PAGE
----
The ladies tried to stop the first cars. Unfortunately, the cars, instead of stopping, went straight to them. That’s what provoked the rage. We don’t know where the muchachos emerged from—if they were already aware of the plan or had organized with the same goal.
Not only did they stop the cars, but they were burning them. In other words, everything went loose. All the contained rage, all the contained impotence was unleashed there. And they detained five of thetalamontes. Others were able to escape.
Were there any repercussions from burning the cars?
Around 9 or 10 in the morning, hitmen tried to rescue the talamontes. People heavily armed came in with some heavily armed pickup trucks. The sad thing is that they were guided by our very own municipal police. How is it that the people that are supposed to protect us are the ones guiding criminals, no? And well, there was an unequal confrontation.
Did many people die?
The hitmen were heavily armed, and our people had only sticks and stones and fireworks. It was the fireworks that saved us. Or saved anyone from dying that day. They only injured a 28-year-old young man. He sustained a head injury and, well, he’s still convalescing.
And from there you made drastic decisions as community, like replacing the president and beginning the path to self-government. How did that take place?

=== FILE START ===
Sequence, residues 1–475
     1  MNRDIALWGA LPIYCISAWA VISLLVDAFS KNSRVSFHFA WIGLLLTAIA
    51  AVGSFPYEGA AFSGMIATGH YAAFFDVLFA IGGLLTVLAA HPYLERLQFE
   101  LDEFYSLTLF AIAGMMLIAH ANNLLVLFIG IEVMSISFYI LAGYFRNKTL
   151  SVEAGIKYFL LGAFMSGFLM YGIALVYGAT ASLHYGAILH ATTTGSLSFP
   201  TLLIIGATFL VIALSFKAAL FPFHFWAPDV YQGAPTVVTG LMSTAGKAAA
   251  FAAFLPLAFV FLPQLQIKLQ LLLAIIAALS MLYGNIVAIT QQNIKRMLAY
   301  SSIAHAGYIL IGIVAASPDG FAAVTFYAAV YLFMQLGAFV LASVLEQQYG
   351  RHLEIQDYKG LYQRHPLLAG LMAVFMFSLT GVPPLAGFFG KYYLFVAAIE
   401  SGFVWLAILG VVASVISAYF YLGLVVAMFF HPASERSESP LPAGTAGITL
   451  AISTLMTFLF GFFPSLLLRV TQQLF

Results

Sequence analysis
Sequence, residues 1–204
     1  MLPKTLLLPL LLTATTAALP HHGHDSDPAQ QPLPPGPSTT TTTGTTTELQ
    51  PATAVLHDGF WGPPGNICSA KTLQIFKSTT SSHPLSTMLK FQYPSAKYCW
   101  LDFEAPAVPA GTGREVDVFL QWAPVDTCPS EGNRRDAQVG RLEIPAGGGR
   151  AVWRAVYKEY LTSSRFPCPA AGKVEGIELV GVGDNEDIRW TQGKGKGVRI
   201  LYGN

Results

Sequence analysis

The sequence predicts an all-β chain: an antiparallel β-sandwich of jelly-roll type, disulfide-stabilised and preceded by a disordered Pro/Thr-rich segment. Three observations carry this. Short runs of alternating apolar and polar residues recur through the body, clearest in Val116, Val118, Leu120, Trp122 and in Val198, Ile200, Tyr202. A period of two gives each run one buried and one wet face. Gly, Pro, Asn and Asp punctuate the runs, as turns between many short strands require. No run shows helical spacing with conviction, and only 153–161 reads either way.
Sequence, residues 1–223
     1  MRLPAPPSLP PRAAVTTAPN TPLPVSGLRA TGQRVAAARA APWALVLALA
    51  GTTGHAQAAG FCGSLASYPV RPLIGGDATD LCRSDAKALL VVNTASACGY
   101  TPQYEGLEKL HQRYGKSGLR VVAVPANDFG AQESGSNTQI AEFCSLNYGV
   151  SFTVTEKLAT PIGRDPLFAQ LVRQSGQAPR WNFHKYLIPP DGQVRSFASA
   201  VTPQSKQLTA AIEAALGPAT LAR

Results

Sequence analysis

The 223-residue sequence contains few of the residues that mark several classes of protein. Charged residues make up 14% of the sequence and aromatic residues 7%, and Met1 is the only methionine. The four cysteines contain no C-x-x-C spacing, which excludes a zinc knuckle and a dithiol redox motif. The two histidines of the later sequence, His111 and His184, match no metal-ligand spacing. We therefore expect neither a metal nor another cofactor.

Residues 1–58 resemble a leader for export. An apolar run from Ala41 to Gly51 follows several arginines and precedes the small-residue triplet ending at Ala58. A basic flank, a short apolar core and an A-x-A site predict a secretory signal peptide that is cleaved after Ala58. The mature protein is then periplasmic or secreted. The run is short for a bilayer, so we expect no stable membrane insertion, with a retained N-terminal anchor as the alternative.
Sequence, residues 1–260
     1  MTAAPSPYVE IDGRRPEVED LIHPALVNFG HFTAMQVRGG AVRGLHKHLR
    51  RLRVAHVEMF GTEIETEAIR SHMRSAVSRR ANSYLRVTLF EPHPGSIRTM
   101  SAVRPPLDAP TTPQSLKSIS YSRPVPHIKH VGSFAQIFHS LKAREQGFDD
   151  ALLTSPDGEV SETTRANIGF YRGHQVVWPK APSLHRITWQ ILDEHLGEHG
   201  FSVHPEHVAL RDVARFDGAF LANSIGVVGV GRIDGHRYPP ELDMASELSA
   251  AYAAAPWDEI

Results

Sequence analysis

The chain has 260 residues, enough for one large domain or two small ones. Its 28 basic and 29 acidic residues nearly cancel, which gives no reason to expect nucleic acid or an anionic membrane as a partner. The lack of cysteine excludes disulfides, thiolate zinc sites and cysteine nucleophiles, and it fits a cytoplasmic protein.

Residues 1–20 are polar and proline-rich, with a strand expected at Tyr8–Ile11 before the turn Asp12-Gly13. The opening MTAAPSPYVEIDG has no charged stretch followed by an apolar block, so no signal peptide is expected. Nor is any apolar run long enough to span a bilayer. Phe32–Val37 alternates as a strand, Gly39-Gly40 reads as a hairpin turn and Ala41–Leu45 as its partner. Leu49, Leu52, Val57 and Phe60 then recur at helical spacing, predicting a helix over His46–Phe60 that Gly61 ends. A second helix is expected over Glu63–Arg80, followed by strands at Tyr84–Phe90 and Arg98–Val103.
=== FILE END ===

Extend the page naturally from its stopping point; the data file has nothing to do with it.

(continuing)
That day, a group of people went to where the municipal president was working and practically chased off everyone that was there. Because the police were the ones guiding the hitmen, well that gave an indication that all the officials were the same. That day, well, it was a mess because nothing was planned. Everything was spontaneous. What had been repressed before in that moment overflowed…..
A negotiating commission was formed, a coordination of the neighborhoods, and a general commission. The general commission was appointed to submit a petition because we needed to identify the problems we wanted to solve.
What did you identify as the problems? And how was this new local government received?
Security, justice, and restoration of our forests…
Police officers are forced to surrender their weapons to armed vigilantes in Paracuaro after the group seized control – Image credit: AP (Associated Press).
We were prepared with fliers, and we were making the purpose of our movement known. Around 2pm in the afternoon, when we got to the main plaza, people from Morelia were already waiting for us with food, with water. We saw that our movement had a reason to exist.
With everything that has happened in Michoacán, do you believe that Cherán is the role model for the self-defense forces to follow?
We don’t know exactly what is it that others defend. If you defend your town, we praise you and respect you. But if you defend other interests, then we have to question what you defend. Those other regions are very rich, no? If they’re very productive zones—lemon farms, lemon producers, big mines—sometimes we think that the self-defense forces emerge precisely to defend those interests. We go back to saying, “If they emerge because of the true necessity to defend the community, well, we think it’s right. But, if they emerge from different interests, we must be careful.”